However, in 2016, the AK-200 project was reestablished again. Several years before that, the Russian military finally recognized the urgent need to modernize its fleet of weapons and opened an R&D project called “Obves” which roughly translates as “stuff you put on your gun.”
The winner of the Obves project trials was, predictably, a modernization kit called KM-AK developed by Kalashnikov Concern. Some American AK enthusiasts now call it the “Ratnik modernization kit” which could not be more wrong. KM-AK was developed independently of the Ratnik project and has nothing to do with it.
The idea behind the new revival of AK-200 was to combine features of the AK-103-3 and KM-AK and finally design an AK with integrated Picatinny rails. Development took only several months, and by the summer of 2016, the future AK-200 was ready. Now there was one thing left to do—give it a name. But this part turned out to be more difficult than actual development. In 2016, it was called “AK-300.” In 2017, the same rifles were presented under the designation “AK-100M-series.”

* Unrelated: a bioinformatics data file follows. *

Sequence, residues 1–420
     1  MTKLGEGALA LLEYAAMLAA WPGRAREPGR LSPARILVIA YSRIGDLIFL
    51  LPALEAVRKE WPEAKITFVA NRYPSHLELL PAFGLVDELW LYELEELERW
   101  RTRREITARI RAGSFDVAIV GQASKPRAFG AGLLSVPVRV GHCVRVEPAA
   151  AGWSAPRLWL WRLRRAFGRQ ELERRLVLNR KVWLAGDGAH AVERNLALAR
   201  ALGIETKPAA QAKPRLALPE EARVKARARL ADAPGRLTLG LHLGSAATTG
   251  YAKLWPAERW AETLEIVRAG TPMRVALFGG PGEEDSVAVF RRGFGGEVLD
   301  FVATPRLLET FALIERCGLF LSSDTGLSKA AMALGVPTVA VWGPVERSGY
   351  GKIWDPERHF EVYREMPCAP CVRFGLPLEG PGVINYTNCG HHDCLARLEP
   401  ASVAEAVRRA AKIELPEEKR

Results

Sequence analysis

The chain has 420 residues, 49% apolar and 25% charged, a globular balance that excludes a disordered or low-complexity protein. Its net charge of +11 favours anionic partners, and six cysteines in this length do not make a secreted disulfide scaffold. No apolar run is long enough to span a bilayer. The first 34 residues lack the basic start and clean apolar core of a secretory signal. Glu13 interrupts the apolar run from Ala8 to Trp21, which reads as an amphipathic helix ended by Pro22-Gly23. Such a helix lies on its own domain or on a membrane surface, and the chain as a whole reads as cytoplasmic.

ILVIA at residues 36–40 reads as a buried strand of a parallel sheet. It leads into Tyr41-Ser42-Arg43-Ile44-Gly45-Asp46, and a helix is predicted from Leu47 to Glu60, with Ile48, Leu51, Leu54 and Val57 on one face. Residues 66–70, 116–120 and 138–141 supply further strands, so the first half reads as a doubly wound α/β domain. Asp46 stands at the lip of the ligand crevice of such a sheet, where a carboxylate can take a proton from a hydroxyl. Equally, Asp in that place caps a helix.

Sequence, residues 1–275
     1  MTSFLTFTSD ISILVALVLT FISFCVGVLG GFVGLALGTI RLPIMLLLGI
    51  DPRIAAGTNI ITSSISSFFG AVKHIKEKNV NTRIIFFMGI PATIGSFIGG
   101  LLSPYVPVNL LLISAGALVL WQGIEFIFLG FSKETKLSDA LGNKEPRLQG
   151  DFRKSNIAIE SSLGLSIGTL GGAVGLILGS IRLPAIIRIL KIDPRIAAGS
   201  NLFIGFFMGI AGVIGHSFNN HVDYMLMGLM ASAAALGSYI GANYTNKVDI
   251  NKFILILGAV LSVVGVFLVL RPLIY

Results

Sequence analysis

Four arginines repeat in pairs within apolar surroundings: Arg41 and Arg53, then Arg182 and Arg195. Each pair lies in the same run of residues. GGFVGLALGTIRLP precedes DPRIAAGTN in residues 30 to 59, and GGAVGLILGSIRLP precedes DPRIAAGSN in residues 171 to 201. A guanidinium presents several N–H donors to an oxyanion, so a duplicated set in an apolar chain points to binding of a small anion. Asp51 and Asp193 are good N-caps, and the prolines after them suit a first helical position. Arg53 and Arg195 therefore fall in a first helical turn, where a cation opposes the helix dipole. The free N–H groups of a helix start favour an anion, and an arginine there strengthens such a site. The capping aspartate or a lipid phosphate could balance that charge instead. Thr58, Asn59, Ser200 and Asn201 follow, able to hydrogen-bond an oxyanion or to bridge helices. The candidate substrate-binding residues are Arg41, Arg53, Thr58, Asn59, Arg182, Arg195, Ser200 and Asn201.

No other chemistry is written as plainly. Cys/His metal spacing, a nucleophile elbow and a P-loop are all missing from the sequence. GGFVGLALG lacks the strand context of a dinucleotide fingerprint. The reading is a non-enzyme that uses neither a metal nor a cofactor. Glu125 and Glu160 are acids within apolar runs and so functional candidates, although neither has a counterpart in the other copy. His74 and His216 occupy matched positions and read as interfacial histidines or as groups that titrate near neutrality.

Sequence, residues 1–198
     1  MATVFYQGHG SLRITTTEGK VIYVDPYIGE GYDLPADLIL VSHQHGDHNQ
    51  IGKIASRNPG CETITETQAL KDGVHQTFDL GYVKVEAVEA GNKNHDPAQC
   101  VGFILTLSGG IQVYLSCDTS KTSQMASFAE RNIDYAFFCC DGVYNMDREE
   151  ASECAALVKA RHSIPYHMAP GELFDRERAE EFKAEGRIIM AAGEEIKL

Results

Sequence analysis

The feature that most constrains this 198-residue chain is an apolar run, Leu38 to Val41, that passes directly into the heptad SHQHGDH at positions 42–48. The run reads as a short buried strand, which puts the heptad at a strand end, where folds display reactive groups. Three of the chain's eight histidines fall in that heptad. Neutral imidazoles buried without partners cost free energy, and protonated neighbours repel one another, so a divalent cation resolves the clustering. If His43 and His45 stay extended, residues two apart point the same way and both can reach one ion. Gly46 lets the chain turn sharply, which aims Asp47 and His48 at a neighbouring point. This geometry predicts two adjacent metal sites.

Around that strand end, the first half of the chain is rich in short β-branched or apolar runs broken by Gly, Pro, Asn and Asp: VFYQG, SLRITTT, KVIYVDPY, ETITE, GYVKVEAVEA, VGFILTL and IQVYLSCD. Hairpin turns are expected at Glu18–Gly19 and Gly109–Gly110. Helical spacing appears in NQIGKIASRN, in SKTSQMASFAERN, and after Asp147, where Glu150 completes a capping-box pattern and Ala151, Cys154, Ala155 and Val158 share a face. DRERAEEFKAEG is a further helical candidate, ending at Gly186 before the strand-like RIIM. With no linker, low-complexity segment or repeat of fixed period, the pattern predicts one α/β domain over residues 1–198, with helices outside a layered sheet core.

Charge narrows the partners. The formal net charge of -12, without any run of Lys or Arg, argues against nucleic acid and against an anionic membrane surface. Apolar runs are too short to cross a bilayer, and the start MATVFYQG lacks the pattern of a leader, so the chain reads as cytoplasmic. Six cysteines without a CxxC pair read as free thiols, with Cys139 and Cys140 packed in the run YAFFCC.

In 2019, the Army finally made a decision to name it AK-200 and use an additional GRAU index “1” for it. Therefore, while AK-103 has a 6P45 index, AK-203 will be called 6P45-1 in the official documents.
But enough about history. This author had a chance to spend some time on the range with this rifle and shoot some groups.
While some consider AKs inaccurate, design engineers at the Izhmash factory take this issue to heart. In the last few years, there were several attempts to enhance the accuracy of a standard AK. On AK-203, tolerances of the bore and chamber were tightened, which definitely affected accuracy.
Unfortunately, there is no match grade ammunition in 7.62×39 available in Russia, so every accuracy test turns into a guessing game: was it the ammunition? The shooter? The gun itself?
After shooting six or seven groups at 100 meters, the overall picture was pretty clear. Even with flyers, the gun generally shot around 2MOA. If one disregards the flyers, like he is supposed to do according to a Russian manual, groups will look just great.
But in Russian special operations there is a saying: “your worst shot shows your real level of proficiency,” so this author is not going to sugarcoat the results. In this author’s experience, an ordinary AK normally shoots around 3-4MOA with the same ammo used for the test.